bathe him twice in the same week. He comes into the shower with me, a bit reluctantly at first but once I'm massaging the shampoo into his fur he settles in to enjoy the experience. Then, for hours afterwards he keeps peeking behind the shower curtain to see where the water went.
When I went up to Portoviejo to take care of some paperwork for my truck, Chaco fell prey to the perils of the big city....he sat in some chewing gum and it was quite an ordeal to get it off of him. I finally had to cut some of it out so he ended up with a bald spot on his rear end. Well, that should be the worst of my dog worries! He's realized that when I put on insect repellent, it usually means that I'm getting ready to go somewhere...so now, the smell of bug spray means it's time to go out and he takes up a post near the door.
Barely time to catch my breath, and two more visitors arrived. Joelle, a Swiss-French girl had been volunteering at the school in the mountains where I work with the volunteer Engineers
Tarabita Cable Car
After crossing the dramatic gorge on this rudimentary, gas engine power cable car, Eva's first remark was, "Can I go across again?"
Without Borders. After her stay in Malingua Pamba, she continued her travels around Ecuador and came to stay with me for a few nights along with a Swiss-German girl, Denise. i was surprised that the two of them used English to communicate, as that was their strongest common language. I had a lovely time with these two young women in their early 20's. I really don't feel any older than they are....age is just a number!
I heard about a Yoga class forming in Puerto Lopez, 15 minutes from my house. I was only able to take the course for a few weeks before starting my job, but it felt so great to get back into it! The instructor, Zane, is an American who has recently moved to Ecuador. There were 5 of us in the course (another American, 2 Brits, and an Ecuadorian) and class was held at a newish restaurant with a wooden terrace overlooking the beach. The French owner-chef has a pet bird; a female Blue-Footed Booby with a broken wing. She was very jealous of any other women in Olivier's life, and one day as I was climbing the stairs to the terrace she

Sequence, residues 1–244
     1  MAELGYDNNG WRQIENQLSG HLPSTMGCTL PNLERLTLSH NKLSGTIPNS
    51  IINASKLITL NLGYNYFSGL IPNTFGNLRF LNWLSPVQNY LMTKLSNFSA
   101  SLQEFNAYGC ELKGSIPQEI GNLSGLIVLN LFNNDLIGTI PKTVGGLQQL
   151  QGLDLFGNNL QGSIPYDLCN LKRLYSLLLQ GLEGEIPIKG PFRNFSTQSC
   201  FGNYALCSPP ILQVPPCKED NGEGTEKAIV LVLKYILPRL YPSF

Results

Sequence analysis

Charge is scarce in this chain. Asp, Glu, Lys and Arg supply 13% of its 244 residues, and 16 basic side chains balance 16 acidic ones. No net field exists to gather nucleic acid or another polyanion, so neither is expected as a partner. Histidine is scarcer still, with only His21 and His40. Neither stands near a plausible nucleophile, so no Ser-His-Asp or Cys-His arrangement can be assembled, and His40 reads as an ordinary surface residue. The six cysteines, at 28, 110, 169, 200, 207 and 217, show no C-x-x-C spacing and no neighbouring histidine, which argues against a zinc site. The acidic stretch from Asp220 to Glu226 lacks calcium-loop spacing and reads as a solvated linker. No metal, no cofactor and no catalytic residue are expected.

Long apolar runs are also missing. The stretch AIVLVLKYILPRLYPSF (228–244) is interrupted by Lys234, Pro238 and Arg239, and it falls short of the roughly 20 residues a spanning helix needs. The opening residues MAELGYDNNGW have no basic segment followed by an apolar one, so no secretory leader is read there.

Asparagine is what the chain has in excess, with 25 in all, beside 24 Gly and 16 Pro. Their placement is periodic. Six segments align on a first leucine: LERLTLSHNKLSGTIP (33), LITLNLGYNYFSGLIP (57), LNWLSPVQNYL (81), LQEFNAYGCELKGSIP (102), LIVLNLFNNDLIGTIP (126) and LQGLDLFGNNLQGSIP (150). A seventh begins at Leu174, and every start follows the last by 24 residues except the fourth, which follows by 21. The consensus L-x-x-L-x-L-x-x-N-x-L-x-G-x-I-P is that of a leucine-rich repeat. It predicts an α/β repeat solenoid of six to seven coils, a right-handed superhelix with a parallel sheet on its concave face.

Be free, colibri!
This injured hummingbird (colibri) had recuperated enough to be released into the wild. Eva had the honor of setting it free.
swiped my arm with her razor-sharp beak. She barely touched me, but it opened a wound that bled and bled and eventually infected. I gave her wide berth after that experience.
During Yoga class (2 hrs of intense workout and breathing and chanting to the sound of the lapping waves), I loved to look out at the fishing boats in the bay, some of them filled with a pelican crew, others with scores of frigate birds lining the masts. As we were doing our chanting, often people walking along the rocks looking for octopus would look up, no doubt trying to figure out what the crazy gringos were up to. One morning, Olivier took his pet booby and his cat for a swim in the sea. He carried them way out in the shallow water, and made them swim back. Good exercise for the bird, but the cat wasn't at all pleased with this routine. Supposedly, regular salt water baths help to control fleas. Even though Chaco goes in the ocean almost every day, I still use the tick & flea control drops once a month to keep him bug-free.
I am now working long days,
Susan's house at Playa Escondida
La Casa Encantadora and its enchanting owner received us on the beach for a few days of shell-seeking and R&R.
but enjoying my job at Hosteria Mandala (www.hosteriamandala.info) - a truly amazing place. Such interesting people pass through - often reserving for just a few days but then deciding to stay for a week or more. I will hopefully publish a birthday blog in the next few weeks (I turned 49 on Feb 15) but in the coming months (I'll be here until late June) my blogs are likely to be fewer and further between. It's not that my life won't be as interesting, it's just that I'll be super busy with little time to write.
If you would like to see more nature pictures (flowers, butterflies, etc) and some wacky trash cans (part of a continuing series) be sure to click on MORE PHOTOS at the bottom of this blog entry.